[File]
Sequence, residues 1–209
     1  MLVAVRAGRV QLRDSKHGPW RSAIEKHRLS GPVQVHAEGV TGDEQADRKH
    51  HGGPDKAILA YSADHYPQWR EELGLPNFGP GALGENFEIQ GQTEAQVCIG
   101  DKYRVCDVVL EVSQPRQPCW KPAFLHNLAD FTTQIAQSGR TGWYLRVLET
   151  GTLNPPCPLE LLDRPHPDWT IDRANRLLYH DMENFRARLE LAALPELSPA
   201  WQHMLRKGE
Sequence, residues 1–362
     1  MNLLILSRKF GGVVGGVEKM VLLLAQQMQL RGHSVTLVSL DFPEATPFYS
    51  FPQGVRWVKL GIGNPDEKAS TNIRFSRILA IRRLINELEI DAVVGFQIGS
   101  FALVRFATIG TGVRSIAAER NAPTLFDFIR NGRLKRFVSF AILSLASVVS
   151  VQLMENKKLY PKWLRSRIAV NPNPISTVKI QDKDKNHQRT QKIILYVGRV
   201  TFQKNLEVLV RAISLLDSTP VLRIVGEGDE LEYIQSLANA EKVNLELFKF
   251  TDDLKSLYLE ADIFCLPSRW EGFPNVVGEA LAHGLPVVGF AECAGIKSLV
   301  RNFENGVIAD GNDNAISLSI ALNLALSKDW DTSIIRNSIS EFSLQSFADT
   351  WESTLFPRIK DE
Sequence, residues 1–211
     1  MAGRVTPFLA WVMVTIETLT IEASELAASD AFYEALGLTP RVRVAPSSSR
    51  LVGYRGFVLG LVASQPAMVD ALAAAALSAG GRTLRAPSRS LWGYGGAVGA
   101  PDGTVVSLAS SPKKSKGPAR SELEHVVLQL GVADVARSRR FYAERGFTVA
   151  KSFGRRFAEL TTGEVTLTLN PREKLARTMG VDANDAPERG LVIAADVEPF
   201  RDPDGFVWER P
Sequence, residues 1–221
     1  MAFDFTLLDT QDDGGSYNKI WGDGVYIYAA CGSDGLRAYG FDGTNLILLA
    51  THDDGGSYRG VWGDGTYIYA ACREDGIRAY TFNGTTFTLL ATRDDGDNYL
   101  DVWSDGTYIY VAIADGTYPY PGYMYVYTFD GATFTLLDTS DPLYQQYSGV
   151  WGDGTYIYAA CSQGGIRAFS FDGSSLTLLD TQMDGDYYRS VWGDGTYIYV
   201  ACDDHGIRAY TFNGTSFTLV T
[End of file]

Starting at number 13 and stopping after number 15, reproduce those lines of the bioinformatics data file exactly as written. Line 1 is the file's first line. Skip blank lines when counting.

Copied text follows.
   251  TDDLKSLYLE ADIFCLPSRW EGFPNVVGEA LAHGLPVVGF AECAGIKSLV
   301  RNFENGVIAD GNDNAISLSI ALNLALSKDW DTSIIRNSIS EFSLQSFADT
   351  WESTLFPRIK DE